in the race for the white house, donald trump has some advice for senator ted cruz, go to federal court and prove you're eligible to be president of the united states. the latest in the so-called birther battle between the republican rivals. i asked trump about that and a whole lot more when i sat down with him for a one on one
interview. let's talk about another issue. senator ted cruz, he's your main rival in iowa according to all the polls. this whole issue, the fact he was born in canada, has come up. whether or not he's a natural born citizen. you know the constitution says no person except a natural born citizen shall be eligible to the office of president. do you believe senator ted cruz is a natural born citizen? >> i don't know to be honest. and i like him a lot. i don't like the issue. i don't like even bringing it up. you know, it wasn't me that brought it up, it was "the washington post" doing an interview -- >> they asked you a question. >> one the questions they asked me was this question. you know, they went with it. i wasn't very aggressive with the answer. except one thing. you can't have somebody running if the democrats are going to at some point, and one of them threaten to bring a suit a long time ago. how can you have a nominee running, you know, against a democrat, whoever it may be, probably hillary clinton, because she'll probably escape the e-mail problem, which is
disgusting that she's able to, because other people for doing far less have had very, very major consequences. it's been terrible. but it's probably going to be hillary. how do you run against the democrat, whoever it may be, and you have this hanging over your head if they bring a lawsuit? a lawsuit will take two, three years -- >> he says he's a natural born sit step because his mother was u.s. born, a u.s. citizen, as a result, he's a natural born citizen. >> i hope he's right. i want to win this thing fair and square. i don't want to win on this point. what the democrats are saying is he had a passport. >> he says he didn't have a passport. he may have been eligible for a canadian passport. >> i think it would be wonderful if he didn't. everybody tells me he had a joint passport. >> he had a canadian birth certificate because he was born in canada. >> here's what i think. what i think i'd do. i'd go and seek a declarer to judgment if i was ted. >> what does that mean? >> it means you go to court. >> which court? >> you go to federal court to ask for what's called a
declaretory judgment. you seek the judgment of the court. without a court case. you go right in. you go before a judge. you do it quickly. it can go quickly. i've used it on numerous occasions. so when there's a doubt -- because there's a doubt. what ted doesn't want to happen is he doesn't want to be in there, i mean, i think i'm going to win. i'm leading in either poll by a lot. but i have a lot of friends in the republican party. i have a lot of friends all over the place, all right. if ted should eke it out, and i hope that doesn't happen, and he's got this cloud over his head, i don't think it's going to be possible for him to do very well. i don't think it's possible for the republicans to let it happen. because he'll have this cloud. what you do, you go in immediately, like tomorrow, this afternoon. you go to federal court. you ask for a declaretory judgment. and once the court rules, you have your decision. >> that could take a long time. i don't think the supreme court has ever really ruled on what is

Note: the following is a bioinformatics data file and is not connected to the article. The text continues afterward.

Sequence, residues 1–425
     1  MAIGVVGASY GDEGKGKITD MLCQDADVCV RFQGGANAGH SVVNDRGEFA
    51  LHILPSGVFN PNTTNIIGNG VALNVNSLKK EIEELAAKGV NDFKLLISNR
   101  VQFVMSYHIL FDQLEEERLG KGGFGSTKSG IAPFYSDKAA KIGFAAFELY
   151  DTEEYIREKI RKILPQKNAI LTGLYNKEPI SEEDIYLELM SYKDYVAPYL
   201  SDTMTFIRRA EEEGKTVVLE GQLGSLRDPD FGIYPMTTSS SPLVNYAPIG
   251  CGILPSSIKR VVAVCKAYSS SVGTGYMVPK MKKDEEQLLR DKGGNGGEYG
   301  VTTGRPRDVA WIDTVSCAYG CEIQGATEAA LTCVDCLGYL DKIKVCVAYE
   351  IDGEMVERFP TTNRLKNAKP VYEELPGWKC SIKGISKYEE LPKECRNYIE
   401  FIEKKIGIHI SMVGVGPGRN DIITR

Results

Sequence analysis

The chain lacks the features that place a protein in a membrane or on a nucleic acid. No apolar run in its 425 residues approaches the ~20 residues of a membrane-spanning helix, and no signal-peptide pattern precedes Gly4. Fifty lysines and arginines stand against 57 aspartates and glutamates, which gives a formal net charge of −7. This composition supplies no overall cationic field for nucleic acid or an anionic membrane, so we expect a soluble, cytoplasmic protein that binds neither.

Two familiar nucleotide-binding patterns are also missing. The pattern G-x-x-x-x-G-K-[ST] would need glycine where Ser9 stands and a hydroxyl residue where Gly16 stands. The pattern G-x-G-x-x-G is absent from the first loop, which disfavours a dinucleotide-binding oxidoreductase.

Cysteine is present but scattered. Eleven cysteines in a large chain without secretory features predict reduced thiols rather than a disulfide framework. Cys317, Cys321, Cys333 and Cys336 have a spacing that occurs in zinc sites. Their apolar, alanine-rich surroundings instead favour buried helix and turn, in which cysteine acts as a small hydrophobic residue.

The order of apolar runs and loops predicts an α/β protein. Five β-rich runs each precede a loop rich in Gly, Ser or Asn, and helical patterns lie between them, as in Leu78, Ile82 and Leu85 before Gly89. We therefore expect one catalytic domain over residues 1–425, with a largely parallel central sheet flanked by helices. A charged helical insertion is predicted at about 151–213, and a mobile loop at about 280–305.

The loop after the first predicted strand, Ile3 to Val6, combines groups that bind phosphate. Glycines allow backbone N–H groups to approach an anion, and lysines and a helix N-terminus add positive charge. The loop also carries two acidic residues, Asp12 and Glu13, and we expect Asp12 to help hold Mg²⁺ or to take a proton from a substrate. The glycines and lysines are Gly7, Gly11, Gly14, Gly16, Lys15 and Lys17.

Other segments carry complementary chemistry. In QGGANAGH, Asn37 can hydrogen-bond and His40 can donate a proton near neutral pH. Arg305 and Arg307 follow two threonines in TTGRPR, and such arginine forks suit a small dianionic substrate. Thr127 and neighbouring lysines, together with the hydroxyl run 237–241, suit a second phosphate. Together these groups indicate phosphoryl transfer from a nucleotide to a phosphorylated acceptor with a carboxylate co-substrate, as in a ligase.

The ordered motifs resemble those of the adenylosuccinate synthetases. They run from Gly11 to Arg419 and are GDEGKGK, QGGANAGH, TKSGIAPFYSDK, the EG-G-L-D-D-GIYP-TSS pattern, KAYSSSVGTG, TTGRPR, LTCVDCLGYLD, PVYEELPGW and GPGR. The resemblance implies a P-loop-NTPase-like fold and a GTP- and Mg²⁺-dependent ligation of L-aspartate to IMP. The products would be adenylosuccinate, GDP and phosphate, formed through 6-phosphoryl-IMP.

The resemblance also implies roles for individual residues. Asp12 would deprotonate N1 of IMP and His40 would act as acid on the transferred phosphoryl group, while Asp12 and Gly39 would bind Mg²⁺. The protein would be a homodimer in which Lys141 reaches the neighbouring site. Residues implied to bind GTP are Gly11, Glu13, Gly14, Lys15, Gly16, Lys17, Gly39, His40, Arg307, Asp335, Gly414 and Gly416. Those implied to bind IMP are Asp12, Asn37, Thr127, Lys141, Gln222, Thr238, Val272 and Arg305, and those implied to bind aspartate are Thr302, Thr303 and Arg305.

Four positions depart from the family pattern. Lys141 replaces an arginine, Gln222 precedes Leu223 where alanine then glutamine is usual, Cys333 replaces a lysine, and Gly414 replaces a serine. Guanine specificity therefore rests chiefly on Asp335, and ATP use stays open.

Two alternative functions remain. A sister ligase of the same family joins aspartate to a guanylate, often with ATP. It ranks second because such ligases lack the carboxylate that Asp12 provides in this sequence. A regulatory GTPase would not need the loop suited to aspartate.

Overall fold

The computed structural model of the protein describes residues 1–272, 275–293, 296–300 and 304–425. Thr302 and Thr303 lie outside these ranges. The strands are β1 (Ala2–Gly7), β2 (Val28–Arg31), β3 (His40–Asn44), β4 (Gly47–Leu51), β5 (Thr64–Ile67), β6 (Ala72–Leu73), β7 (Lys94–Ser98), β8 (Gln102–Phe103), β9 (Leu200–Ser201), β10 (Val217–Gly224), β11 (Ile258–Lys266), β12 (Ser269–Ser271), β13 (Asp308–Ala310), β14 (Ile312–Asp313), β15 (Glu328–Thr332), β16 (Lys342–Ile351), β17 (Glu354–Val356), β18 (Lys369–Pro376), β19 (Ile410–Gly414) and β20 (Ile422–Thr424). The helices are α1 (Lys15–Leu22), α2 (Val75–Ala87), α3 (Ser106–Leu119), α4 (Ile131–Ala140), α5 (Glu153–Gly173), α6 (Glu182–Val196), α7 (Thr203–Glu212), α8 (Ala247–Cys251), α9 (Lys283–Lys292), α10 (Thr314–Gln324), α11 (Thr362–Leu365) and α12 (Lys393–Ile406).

a natural born citizen. >> that's the problem. there's this doubt. people have doubt. again, this was not my suggestion. i didn't bring this up. a reporter asked me the question. but the democrats have brought it up. and you had somebody, a congressman, say no matter what happened, we're going to be suing on this matter. that's a tough matter for ted. again, i didn't bring it up, wolf, this is brought up and this was asked of me as a question. it's not the first time it's been asked but it's being asked by a lot of different people to a lot of different people that are running. >> because you know your critics are saying you're doing to ted cruz what you tried to do to president obama, where he -- >> who knows about obama. >> his mother was a u.s. citizen, born in kansas. was he a natural born citizen? >> who knows? who cares right now. we're talking about something else, okay. i have my own theory on obama. some day i'll give -- i'll write a book. i'll do another book. it will do very successfully. look, with ted, she should have for a declaretory judgment.
i'm doing this for the good of ted. i like him. we have a good relationship. go into court. ask for a judgment. the judge will rule. and once a judge rules that he's okay, then the democrats can't bring a lawsuit later on. >> he also says he's tougher on illegal immigration in the united states than you are. you say you will deport all the undocumented immigrants in the united states. 11 million, 12 million, as many as there are. but the good ones you say can come back to the united states. he says he's not letting any of these immigrants come back to the united states. >> ted was in favor of amnesty. him and marco rubio have been fighting about who's weaker. now all of a sudden -- and i was watching ted the other day and it was very interesting. he said, and we must build a wall. okay. and my wife said, darling, he just said build a wall. that's the first person who said build a wall. i've been saying it for five years. but he said, and we will build a wall. so now he's taking my idea for the wall. i'm glad he's taking it.